10 Business Plan Dos and Don’ts

David Ronick is a co-founder of UpStart Bootcamp, but is also a from Harvard Business School Business Plan Contest. As somebody who is a judge on the Marketing Institute of Ireland’s All Ireland Marketing Awards, I know you can learn a tonne from this sort of thing.

I have noted in the past on previous blogs what I learnt – as they say, the teacher learns more than the student – or at least, the person doing the judging gains as much if not more!

Here is what David said which pitch approaches seemed to work best and which tactics fell flat:

1. Bookends
The best pitches started and ended with the same 30-second, crystal clear explanation of what was to come: The customers, their needs, the solution, and the amount of capital sought. That helped the judges process and remember everything in between.

Comment from Colin: A rehash of the old ‘tell ’em, tell ’em what your gonna tell ’em, and tell ’em again’ mantra. A must-do: don’t overestimate your audience!

2. Comparables
At some point in most pitches, judges think to themselves, “Will this really work?” The best way to convince them is to show that you’re already getting results. If you are just starting out, another powerful approach is to cite real world comparables. For example, if your exit strategy is to sell your company to P&G, tell us how they recently bought companies similar to the one you are planning, for how much, and why.
Comment from Colin: AKA Don’t assume they will know – make sure they know

3. Emotion
Every student used logic. But the winners built on that logic with an appeal to emotions. Winners brought their arguments to life, using examples, stories, or short demonstrations. Judges could sense their passion, and imagine how their customers would feel.

Comment from Colin: Irish people are supposed to be good at telling stories. Don’t be afraid to do that even in the most professional sober places. Everybody actually wants to hear a story, because it speeds up the processing of information and gives you personality.

4. Market Research
The best competitors really understood their markets and taught us about them. They explained what parts of their industries were growing and why. That gave the judges insights and perspective, which helped us evaluate their pitches. Not to mention, it also gave us confidence in the teams.

5. Proof of Demand
Last but not least, the best teams had clearly been out in the field, talking with and listening to customers. They shared customer comments, survey results, and data collected from interviews and test market campaigns. In short, they convinced the judges that customers wanted their products.

Comment from Colin: For 4 and 5 – ‘Nuff said.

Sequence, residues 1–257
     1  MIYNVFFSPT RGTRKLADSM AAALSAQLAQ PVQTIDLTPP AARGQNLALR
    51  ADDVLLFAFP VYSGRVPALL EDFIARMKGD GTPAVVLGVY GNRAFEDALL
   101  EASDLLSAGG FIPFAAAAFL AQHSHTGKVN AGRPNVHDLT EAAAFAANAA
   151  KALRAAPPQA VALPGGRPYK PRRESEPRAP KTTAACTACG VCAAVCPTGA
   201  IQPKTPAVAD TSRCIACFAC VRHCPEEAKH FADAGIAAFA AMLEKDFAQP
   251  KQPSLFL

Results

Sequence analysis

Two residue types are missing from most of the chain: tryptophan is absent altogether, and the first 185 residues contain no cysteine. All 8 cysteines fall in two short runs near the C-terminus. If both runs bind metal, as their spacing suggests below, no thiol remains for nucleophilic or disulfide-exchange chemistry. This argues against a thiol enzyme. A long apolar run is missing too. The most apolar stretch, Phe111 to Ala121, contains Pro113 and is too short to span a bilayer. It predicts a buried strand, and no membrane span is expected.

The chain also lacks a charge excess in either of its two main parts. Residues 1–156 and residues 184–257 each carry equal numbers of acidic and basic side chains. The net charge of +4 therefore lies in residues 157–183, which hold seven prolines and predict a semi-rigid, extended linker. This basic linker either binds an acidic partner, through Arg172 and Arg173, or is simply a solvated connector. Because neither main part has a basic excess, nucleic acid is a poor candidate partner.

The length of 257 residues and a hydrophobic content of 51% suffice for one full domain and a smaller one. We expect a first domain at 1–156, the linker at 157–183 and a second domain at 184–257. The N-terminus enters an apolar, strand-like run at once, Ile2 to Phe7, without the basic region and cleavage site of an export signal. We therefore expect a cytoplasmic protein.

There were also five business plan pitch tactics that the losing teams had in common to be avoided:

1. Text Overload
Great slides make complex ideas simple and abstract ideas tangible, using numbers, diagrams, or pictures. But for the most part, words in pitches are best when spoken, not written. So stick to writing the headlines and telling us the details.

Comment from Colin: The MOST ignored piece of advice in history. What possesses people to write essays on slides? If you cannot work this out, go to slideshare.net and find the winners of their presentation of the year for the last few years. No words, yet incredibly powerful.

2. Too Much Focus on Product
We’re judging your business, not just your product. So don’t focus simply on what you’re selling. You should also keep in mind that you’ll probably wind up changing certain aspects of your product once you put it in front of customers and see what they think. So if your pitch is 15 minutes long, don’t spend more than two of those minutes on your products.

3. Passive Research
It’s good to use some statistics in your presentation (e.g. “The market is growing at 10 percent.”), but reserve the details and sources for backup slides. Don’t base your entire business plan on quantitative research. Be sure to show that you’ve gotten out of the library and have gathered some qualitative research by talking to potential customers. “We interviewed 50 customers and they said…” carries much more weight than “A study showed…”

Comment from Colin: ‘Studies show’ or worse, ‘recent studies show’ is up there with ‘people say’. I always want to shout ‘who says?’ when people say this!!!

4. Overlooked Execution
A start-up idea by itself is pretty much worthless; it’s all about the execution. The weakest teams underestimated how much time and money it would take to develop and tweak a product, or they outright failed to think through how they’d attract customers in a cost-effective, repeatable way. So be sure to spend time really thinking about and researching how to properly execute your idea.

Comment from Colin: For all you people who require NDAs, remember this point. All the ideas in the world are irrelevant. All that matters is execution. If you ask me for an NDA, I start getting suspicious as it proves that people do not know the difference between and idea and execution.

5. Lack of Authenticity
Stick to what you know and care about. One team pitched an idea related to parenting, but didn’t include even one story or picture of a child anywhere in their pitch. As a result, it felt like the team wasn’t truly passionate about parenting—even though that probably was not the case.

Ironically, some of the best business ideas in this year’s competition rated poorly with the judges because they simply weren’t pitched well. It’s important to understand that pitch tactics can make a huge difference in how well your business plan is received. So be sure to take your good idea, and turn it into a great pitch.

Comment from Colin: Possibly the most important statement of the lot. Building a better mousetrap does not mean they will beat a trip to your door.

Source of article: Inc Magazine goo.gl/1wQgI


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